While Aristophanes’ “Frogs” follows Dionysus’ voyage into the underworld, the revival ultimately should have been left buried due to poor production design and lackluster implementation of subtitles.
The play, performed in ancient Greek with English subtitles, was staged this weekend in the Minor Latham Playhouse. The Barnard Columbia Ancient Drama Group, an organization of graduate and undergraduate students dedicated to producing ancient plays in the original Latin or Greek, produced the show.
The plot follows the descent of Dionysus, played by Daniel Sofaer, a student in the post-baccalaureate certificate program in classics, into Hades as the god seeks to bring back the recently departed Euripides, played by Talia Varonos-Pavlopoulos, GS ’09. Dionysus is joined by his slave Xanthias, played by Pedro Tozzi CC ’20, and they find themselves embroiled in a competition between Euripides and legendary playwright Aeschylus, played by Cat Lambert, a graduate student in the department of Classics.
While in theory the subtitles help bring the play to an English audience, in practice they were the largest drawback of the production. For those unable to follow the ancient Greek dialogue as it was spoken, the subtitles were supposed to offer relief; however, this was often not the case. Audience members’ eyes would bounce back and forth between the hanging screen onto which English was projected and the actors down below.
Watching and reading did not lend well to the comedic timing of the actors, as frequently the subtitles would stray well ahead or behind the pace of the show, delivering punchlines without the actors’ actions. In a few instances, the subtitles fell far enough behind that several would be skipped through in an instant, confusing anyone trying to follow the show.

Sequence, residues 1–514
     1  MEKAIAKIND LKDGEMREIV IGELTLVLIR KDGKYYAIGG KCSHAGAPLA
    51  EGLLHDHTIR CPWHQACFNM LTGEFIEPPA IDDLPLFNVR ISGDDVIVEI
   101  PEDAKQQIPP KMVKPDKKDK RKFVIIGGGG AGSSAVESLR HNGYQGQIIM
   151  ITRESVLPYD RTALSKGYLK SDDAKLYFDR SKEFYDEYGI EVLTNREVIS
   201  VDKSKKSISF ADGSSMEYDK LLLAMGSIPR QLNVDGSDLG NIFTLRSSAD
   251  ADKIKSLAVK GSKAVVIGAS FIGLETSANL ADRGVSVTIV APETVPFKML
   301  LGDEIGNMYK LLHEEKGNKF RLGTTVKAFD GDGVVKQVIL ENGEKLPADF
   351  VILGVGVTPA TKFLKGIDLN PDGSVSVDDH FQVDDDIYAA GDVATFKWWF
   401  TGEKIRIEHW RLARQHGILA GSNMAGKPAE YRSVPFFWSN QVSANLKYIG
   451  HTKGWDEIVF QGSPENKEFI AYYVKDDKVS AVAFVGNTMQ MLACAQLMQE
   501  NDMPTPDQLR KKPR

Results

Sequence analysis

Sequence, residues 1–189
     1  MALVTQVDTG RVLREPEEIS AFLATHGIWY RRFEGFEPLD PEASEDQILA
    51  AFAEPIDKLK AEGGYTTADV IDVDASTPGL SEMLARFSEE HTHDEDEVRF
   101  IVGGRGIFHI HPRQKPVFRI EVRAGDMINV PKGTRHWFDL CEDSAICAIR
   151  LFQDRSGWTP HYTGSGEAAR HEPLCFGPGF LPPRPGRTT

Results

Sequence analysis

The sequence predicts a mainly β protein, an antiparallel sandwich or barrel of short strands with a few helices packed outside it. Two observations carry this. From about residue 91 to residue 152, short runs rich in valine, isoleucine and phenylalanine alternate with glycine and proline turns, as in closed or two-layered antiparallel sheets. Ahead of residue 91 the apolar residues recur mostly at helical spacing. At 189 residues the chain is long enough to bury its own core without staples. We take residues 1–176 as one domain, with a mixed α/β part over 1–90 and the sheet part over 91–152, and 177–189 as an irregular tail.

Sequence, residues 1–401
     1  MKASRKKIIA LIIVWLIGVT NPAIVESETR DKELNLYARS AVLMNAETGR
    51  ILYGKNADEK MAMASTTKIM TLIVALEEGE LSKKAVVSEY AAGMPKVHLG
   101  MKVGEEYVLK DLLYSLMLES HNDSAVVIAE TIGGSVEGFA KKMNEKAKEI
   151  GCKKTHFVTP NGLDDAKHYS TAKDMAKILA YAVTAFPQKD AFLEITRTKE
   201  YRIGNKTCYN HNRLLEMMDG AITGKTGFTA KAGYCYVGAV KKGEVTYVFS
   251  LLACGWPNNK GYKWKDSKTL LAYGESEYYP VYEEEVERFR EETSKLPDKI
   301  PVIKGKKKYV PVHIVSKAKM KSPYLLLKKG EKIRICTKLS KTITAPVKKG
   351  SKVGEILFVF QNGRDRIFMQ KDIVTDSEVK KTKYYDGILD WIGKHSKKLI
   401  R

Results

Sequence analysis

One of the only remarkable aspects of the production was the Greek performance. The Chorus, composed of Edgar Elliott, CC ’20, NYU graduate student Figen Geerts, classics graduate student Brittany Johnson, Hunter College student Lina Nania, and classics doctoral student Alice Sharpless, were absolutely excellent. With an outstanding backing band, the chorus danced and sang their way through the show.
Another moment of note: when Aeschylus and Euripides entered a battle of wits in the second act. Here the spoken Greek felt fluid and not stilted like a script being read in another language. The banter was simply delightful. The high point of this interaction was when Aeschylus grabs a lyre and starts to sing. Credit belongs to Lambert, who shines on the simple stringed instrument.
The play is unflinchingly self-aware. At times, this can lead to great humor, such as when the great Greek playwright Aeschylus is rolled on stage atop his throne—a toilet. However, this wasn’t always the case. In a scene early in the play, only a single character, Xanthias, switches to speaking English while his counterparts carry on in Greek. The intended humor didn’t land as audiences carried on trying to follow the other Greek speakers. In another instance, the chorus broke into a serious English message about the nature of American democracy, abandoning the show altogether to spread the political message to vote. Moments like these are creative, but they are also jarring and unpredictable.
The self-aware nature of the play continued into the production design. The set was low effort and props were cheap and simple. While this was intended to give an effect of camp to the humor, it felt lazy. The program of the production boasts that the original rendition was so well-received that it was restaged. This initial restaging did not likely depend upon the overly large and duct-tape staff that Dionysus wields for a punchline.